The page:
I’m not really a business class sort of person. The thought of paying the price of a pretty reasonable second hand car for a couple of glasses of champagne, a meal or two and the rental on a chair for 12 hours sticks in my craw a bit. But here we were, for reasons I won’t bore you with, taking the right hand gangplank and heading uphill to the top story of the world’s largest airliner. And here we were being shown to our seats, and by seats I mean cubicles, by an astonishingly pretty young woman in that particularly elegant uniform worn by Emirates cabin staff. There was a sort of bedside cabinet thing containing a minibar, yes really, and spaces to stash your stuff. There was a TV screen not much smaller than the one we have at home, and if the effort of reaching across to work it was too much, two, yes two different remote controls to fiddle with. There was an armchair with lots of Homer Simpson seat goes up seat goes down doohickery going on. If you got bored with more TV channels than there are grains of sand on the Earth and you couldn’t think of anything else for the cabin staff to fetch for you it was always possible to retire to the back of the plane to a bar with a continuous stream of whatever you wanted to dope yourself with and lots of convoluted little things to eat. When the ridiculously beautiful women in the headscarves thought it was time for lights out they came around dishing out little mattresses and showing you how to make your seat lie completely flat and turn into a bed.It was all fun, but it was still hard to sleep, what with that dry, fluffy airliner stuff that they put through the airconditioning system in lieu of air and the fact that lie flat or not, sleeping in an aircraft seat is still sleeping in an aircraft seat.
I watched Sherlock Holmes, and even from the middle of the Indian Ocean could hear poor old Conan Doyle spinning in his grave. I watched two entire BBC series on gifted children. Using the cameras mounted on the nose and tail of the plane I watched as we flew over Dubai and the pilot performed that bit of everyday magic, dotting down 500 tons of aluminium travelling at 320 kph, without causing so much as a ripple in anyone’s champagne. We had three hours in Dubai in a lounge that was, quite seriously, bigger than the entire Dunedin International airport. Then we flew in a very much smaller but only slightly less luxurious plane to Doha.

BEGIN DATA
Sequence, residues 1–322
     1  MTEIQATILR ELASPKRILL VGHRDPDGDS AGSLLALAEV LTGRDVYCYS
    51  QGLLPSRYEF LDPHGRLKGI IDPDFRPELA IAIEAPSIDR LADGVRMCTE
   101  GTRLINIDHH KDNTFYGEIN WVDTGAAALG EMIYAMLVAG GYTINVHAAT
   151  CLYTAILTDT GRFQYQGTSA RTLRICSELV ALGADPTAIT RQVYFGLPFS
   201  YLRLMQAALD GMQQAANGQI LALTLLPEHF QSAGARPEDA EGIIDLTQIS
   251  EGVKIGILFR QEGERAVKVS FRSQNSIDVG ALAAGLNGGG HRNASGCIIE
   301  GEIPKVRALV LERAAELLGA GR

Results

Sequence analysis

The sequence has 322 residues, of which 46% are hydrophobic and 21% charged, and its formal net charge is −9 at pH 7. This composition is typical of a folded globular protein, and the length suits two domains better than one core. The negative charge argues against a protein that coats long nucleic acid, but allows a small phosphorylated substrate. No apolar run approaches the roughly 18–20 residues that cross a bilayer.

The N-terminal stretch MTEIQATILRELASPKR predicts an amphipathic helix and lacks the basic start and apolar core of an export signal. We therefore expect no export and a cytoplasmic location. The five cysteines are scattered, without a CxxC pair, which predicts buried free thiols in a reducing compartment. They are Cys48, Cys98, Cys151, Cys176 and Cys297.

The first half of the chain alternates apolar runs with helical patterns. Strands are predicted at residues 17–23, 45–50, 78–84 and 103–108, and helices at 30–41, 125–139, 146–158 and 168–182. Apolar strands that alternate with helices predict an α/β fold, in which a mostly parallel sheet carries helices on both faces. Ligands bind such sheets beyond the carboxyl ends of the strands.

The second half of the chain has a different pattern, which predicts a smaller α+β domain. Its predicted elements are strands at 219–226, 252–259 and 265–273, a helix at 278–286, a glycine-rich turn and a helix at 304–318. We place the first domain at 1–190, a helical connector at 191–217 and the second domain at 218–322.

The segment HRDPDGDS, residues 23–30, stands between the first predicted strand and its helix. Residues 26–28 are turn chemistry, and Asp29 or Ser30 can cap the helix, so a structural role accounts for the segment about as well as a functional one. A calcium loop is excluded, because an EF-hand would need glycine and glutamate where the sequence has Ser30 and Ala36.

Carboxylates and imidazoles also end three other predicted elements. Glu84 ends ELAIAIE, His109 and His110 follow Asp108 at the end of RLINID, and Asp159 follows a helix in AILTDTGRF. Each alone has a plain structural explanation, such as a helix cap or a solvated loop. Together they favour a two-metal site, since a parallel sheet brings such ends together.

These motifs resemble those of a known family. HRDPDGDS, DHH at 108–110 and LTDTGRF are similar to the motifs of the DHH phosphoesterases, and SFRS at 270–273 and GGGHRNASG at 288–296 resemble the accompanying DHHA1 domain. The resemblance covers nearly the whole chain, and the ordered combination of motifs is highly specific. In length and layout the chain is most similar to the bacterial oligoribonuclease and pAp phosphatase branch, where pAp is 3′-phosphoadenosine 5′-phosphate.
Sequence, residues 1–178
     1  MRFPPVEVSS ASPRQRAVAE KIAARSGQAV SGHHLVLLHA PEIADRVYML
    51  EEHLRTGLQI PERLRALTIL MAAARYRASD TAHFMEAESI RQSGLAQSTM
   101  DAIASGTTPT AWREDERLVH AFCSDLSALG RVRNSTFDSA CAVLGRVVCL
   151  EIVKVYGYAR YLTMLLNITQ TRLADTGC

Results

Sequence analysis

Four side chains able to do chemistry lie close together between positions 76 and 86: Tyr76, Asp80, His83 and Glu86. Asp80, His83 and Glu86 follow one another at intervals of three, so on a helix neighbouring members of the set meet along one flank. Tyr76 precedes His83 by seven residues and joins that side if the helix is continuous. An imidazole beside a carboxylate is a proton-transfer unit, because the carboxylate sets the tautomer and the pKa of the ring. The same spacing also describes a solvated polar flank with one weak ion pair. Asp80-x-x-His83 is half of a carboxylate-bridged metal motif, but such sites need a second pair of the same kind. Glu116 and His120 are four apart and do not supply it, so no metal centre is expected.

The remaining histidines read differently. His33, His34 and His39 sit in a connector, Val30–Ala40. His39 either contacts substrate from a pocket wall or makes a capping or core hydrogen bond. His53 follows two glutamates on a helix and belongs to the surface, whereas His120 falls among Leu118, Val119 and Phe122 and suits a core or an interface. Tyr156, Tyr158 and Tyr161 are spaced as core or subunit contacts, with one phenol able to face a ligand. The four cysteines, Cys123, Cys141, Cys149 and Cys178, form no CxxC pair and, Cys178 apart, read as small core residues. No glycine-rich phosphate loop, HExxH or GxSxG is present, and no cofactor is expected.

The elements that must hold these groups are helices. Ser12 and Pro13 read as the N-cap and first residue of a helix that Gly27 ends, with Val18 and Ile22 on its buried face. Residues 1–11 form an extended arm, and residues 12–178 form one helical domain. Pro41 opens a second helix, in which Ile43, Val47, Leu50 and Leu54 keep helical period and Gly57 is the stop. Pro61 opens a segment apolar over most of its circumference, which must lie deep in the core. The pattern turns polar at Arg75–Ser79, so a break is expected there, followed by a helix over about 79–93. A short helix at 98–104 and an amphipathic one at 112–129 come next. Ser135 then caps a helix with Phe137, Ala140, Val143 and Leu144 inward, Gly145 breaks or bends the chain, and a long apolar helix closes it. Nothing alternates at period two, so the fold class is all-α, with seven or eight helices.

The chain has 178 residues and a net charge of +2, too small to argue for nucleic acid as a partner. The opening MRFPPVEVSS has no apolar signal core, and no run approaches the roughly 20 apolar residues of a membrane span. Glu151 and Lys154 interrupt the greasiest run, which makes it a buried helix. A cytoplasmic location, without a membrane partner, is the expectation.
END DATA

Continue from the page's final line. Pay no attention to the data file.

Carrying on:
The customs people were all women, all speaking rudimentary English and all wearing a full abaya with the total black head covering and the full nine yards. One of them stamped our passports then we walked through the doors to the terminal where Scott and Bridget were waiting and outside into air that felt like a sauna. And outside into this baffling city.There is an old Doha, all dust and grit and low buildings the same colour as the grit. There is an endless coastline where once the population eked out a meager existence as pearl divers. And there is a new Doha, built with the money, oodles of it, they have got in the last few years from flogging off the oil which lies under their feet. We drove past a large area of reclaimed land on which stood huge postmodern buildings : tower blocks of offices and apartments forming a new downtown which has arisen from nothing – literally – in the last six years. We drove to The Pearl, the district where Scott and Bridget live, which is a tourist and residential resort with cafes, a marina, upmarket shops and all that goes with them. It has arisen from nothing – literally –in the last three years.
Everything is in a process of being made. Cranes are everywhere, as are armies of blue uniformed immigrant workers. All is being done quickly but well. The new bits are tastefully designed, well laid out, sturdily built, well provided with services. A major modern city is rising out of the desert, and, in places, the sea bed and there is only one thing missing: people.There are large malls with shops for Ferrari, Bulgari, Yves St. Laurent and Rolls Royce with nary a shopper in sight. There are apartment towers with apartments and lifts and swimming pools but precious few tenants.
We went to Scott and Bridget’s place. We looked around the tower block which housed it, taking in the lavishly equipped gym and the half Olympic sized pool and the two spa pools bubbling incongruously in the Qatar heat and the staff of Filipinos continually polishing the empty marble floors. Later we caught the water taxi across to an excellent but empty restaurant for lunch, past a marina with only a dozen or so super yachts moored at its capacious jetties. Doha is the opposite of a ghost town – the population haven’t mysteriously left, they mysteriously haven’t arrived yet. And I’m not sure anyone knows when they will arrive or quite where they will arrive from.